However, if the answer to that question is yes, then adding more workers will do nothing to increase the food production capabilities of the restaurants. In that case, the manager should add a new grill and French fry machine, as well as hiring more workers. All of the employees are constrained by the capital available to make the products. In other words, the total output of the fast food restaurant cannot exceed the total output of the grill and the French fry machine, regardless of how many workers are employed at the restaurant. Once the French fry machine is operating at maximum capacity, there is no way to make additional French fries without getting a new French fry machine. This reflects the law of diminishing marginal returns, so that, at this point, the addition of each new worker would result in a smaller incremental increase in production, and might actually not be profitable to the business, because of the other costs of production (Rittenberg & Tregarthen, 2009).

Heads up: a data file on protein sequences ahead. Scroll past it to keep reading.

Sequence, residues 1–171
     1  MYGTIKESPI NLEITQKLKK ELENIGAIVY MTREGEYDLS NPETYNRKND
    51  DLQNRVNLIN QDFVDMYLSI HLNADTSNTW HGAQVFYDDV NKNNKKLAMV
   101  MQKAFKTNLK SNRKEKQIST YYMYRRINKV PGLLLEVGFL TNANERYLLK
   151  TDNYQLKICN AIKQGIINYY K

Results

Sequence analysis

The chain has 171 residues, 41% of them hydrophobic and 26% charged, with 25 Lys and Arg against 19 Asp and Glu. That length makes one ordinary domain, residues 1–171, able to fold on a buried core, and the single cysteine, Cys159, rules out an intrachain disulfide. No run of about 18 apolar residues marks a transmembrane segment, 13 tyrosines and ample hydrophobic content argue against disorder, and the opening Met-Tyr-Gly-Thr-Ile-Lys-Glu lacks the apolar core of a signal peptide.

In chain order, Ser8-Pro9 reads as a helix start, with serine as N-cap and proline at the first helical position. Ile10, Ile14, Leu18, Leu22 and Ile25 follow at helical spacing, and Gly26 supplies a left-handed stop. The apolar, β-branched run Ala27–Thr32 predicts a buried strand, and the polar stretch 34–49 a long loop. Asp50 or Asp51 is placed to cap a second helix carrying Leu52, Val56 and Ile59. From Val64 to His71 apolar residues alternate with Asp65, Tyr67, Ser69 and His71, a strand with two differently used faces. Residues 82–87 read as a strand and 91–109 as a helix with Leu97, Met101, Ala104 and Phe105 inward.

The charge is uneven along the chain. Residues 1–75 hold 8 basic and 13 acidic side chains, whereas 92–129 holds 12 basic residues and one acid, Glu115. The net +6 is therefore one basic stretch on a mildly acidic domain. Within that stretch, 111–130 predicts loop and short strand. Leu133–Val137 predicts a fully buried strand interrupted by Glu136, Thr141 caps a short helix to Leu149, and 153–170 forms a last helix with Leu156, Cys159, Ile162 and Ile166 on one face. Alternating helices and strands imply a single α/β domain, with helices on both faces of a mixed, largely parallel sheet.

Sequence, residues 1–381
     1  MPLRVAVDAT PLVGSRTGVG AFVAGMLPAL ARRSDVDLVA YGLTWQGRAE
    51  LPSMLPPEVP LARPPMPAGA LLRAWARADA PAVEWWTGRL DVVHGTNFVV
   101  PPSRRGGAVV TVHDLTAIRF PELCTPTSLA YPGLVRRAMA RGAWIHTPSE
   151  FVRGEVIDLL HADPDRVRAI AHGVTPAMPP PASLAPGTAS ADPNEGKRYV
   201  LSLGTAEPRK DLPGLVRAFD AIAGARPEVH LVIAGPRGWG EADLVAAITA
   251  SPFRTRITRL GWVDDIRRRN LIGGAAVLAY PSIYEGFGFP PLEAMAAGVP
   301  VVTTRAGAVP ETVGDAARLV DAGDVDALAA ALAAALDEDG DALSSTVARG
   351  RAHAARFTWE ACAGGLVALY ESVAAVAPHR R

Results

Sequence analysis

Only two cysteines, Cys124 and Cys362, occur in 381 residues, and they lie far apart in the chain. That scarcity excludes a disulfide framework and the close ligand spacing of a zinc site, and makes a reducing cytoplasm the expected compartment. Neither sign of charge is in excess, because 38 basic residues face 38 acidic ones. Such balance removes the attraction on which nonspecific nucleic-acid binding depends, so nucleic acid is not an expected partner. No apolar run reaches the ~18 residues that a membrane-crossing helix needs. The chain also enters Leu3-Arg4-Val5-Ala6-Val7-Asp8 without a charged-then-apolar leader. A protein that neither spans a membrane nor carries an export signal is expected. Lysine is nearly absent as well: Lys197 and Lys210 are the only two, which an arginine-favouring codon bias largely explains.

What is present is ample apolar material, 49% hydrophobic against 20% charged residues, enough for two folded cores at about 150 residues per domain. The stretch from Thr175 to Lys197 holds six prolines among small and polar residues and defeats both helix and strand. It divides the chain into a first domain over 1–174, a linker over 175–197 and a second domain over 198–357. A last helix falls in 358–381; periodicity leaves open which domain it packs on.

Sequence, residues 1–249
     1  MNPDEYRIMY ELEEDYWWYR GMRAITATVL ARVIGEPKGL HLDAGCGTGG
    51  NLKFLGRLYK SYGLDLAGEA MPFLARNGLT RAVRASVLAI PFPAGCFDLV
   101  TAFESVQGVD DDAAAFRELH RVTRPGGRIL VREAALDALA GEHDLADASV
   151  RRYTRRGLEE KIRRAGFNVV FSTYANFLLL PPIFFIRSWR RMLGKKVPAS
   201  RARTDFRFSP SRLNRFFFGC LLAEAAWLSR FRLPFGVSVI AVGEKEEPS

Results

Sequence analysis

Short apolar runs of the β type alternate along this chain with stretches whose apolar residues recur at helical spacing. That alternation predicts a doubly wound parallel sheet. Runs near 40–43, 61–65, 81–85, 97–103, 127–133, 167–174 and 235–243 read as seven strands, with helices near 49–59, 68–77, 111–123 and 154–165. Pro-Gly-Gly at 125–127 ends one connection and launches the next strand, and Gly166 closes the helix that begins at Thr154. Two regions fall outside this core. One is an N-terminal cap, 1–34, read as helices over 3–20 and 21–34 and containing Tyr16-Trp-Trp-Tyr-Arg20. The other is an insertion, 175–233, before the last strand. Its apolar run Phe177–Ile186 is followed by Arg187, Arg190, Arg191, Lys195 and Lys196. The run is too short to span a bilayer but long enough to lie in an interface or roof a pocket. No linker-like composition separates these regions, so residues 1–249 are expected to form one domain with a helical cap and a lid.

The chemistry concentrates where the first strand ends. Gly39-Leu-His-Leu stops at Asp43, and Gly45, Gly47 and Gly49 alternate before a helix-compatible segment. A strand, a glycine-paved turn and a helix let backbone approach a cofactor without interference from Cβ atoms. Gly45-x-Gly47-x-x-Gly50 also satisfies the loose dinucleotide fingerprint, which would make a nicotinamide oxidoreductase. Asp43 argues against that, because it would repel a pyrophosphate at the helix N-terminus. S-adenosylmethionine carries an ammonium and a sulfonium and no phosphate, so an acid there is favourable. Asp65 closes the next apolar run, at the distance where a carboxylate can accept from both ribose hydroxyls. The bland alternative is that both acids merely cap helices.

2. How does this article apply the marginal decision rule to the problem of choosing the mix of factors or production (capital intensive vs. labor intensive methods of production)? How do maquiladoras benefit the U.S. economy?